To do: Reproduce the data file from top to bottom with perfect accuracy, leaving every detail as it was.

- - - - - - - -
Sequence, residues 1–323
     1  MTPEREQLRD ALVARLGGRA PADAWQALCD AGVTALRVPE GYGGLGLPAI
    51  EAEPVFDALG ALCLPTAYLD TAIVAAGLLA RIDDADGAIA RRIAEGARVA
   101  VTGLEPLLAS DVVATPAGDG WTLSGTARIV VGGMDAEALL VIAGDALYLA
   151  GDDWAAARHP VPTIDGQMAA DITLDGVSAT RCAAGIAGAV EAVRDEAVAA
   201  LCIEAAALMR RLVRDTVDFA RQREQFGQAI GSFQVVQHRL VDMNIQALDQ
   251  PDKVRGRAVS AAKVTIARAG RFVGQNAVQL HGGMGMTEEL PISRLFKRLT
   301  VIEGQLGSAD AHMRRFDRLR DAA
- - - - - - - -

Sequence, residues 1–323
     1  MTPEREQLRD ALVARLGGRA PADAWQALCD AGVTALRVPE GYGGLGLPAI
    51  EAEPVFDALG ALCLPTAYLD TAIVAAGLLA RIDDADGAIA RRIAEGARVA
   101  VTGLEPLLAS DVVATPAGDG WTLSGTARIV VGGMDAEALL VIAGDALYLA
   151  GDDWAAARHP VPTIDGQMAA DITLDGVSAT RCAAGIAGAV EAVRDEAVAA
   201  LCIEAAALMR RLVRDTVDFA RQREQFGQAI GSFQVVQHRL VDMNIQALDQ
   251  PDKVRGRAVS AAKVTIARAG RFVGQNAVQL HGGMGMTEEL PISRLFKRLT
   301  VIEGQLGSAD AHMRRFDRLR DAA